Curta describes how the accessibility of this information is leading to the rapid reselling of past high fashion items that are representative of the times of a past creative director.  “Even if you don’t have an interest in the industry you’re still aware of the major events that are taking place,” the 19 year old explains, accrediting this to the valuable tool of the internet. “People want items that are limited edition or exclusive – look at the success of brands such as Supreme!”

Following on from this theory, I speak to business student Theo Godeanu. Focusing on the customers relationship with a brand, Godeanu explains how following the death of a brand’s key figure the best first step is to “release a formal statement where you clarify what has happened”. This is integral to overcome the obstacle of fake news.

Similar to how Sara Tocha emphasised the importance of a brand’s transparency in their success, Godeanu continues to stress that responding quickly to the situation is imperative for “people to appreciate what has happened and understand the decisions taken as a company”. As a result of this, sales suffer less chance of being damaged and the reputation of a brand can endure. “The focus should be on the customers wants and needs,” Godeanu clarifies, “maintaining a good customer relationship will result in increasing profits.”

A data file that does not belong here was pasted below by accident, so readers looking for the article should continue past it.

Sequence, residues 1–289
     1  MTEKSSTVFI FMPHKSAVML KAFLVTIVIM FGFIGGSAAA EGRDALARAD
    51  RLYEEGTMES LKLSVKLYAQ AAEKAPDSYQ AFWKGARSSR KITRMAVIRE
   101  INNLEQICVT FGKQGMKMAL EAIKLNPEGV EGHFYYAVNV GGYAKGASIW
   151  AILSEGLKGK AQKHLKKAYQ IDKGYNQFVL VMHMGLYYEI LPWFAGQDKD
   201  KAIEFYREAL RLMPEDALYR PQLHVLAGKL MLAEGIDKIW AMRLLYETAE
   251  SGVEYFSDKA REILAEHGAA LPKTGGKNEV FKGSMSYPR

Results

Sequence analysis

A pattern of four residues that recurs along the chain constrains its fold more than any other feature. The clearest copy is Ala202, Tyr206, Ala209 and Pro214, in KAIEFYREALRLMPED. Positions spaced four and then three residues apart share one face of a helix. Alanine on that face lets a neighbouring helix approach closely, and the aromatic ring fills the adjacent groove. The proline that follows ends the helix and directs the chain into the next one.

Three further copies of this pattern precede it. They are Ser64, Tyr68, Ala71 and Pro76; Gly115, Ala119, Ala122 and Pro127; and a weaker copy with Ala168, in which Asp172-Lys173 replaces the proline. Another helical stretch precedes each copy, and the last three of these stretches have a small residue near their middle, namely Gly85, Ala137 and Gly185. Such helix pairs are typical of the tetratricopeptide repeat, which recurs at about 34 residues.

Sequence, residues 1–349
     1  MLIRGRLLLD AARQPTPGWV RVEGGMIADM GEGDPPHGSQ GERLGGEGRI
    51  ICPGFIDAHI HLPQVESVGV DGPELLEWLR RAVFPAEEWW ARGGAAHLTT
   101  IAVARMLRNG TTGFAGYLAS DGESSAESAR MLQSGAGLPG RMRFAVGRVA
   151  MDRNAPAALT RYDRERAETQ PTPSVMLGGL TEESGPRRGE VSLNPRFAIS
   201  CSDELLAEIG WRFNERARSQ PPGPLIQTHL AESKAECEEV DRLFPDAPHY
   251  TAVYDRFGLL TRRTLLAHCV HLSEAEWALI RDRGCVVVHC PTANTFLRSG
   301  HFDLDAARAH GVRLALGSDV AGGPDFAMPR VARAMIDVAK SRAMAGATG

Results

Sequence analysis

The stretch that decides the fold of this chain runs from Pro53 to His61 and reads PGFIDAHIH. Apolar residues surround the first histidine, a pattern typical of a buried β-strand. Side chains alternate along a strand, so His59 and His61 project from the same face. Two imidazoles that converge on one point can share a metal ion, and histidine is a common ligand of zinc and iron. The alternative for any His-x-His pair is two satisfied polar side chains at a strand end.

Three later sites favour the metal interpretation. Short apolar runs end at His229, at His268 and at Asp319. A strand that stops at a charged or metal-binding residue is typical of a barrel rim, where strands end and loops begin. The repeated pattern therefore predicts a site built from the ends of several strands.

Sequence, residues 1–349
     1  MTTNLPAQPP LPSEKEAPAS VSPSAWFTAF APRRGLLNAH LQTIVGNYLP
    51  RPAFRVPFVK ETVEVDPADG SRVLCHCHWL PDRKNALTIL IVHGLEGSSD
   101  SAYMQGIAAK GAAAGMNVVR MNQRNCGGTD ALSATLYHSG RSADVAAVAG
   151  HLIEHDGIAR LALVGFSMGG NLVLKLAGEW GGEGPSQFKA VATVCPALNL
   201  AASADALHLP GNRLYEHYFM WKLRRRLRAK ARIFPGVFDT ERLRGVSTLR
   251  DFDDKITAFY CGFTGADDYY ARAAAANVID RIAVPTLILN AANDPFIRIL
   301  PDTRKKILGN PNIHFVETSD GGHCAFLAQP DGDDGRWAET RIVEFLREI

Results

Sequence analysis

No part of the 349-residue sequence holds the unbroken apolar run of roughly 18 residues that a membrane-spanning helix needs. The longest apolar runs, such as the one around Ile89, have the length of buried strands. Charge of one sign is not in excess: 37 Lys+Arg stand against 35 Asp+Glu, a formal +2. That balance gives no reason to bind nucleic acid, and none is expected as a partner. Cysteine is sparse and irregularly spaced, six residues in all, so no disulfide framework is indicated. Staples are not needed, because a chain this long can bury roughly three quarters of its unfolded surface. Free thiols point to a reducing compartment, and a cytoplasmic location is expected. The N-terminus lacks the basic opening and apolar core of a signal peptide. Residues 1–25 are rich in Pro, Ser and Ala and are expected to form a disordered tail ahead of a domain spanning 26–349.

It is evident that in the 21st century setting, the face of a brand – whether this be the creative director or the star of an advertising campaign – holds an increasingly significant share of power. The death of a designer has an interesting influence over the sales and public perception of a brand, often creating the impression of exclusivity and a certain level of elitism. It is questionable that the tragedy of death can be so easily commodified and influential in the pattern of profits. Perhaps it is time that brands reconsider their necessity to implement human characteristics into their interface.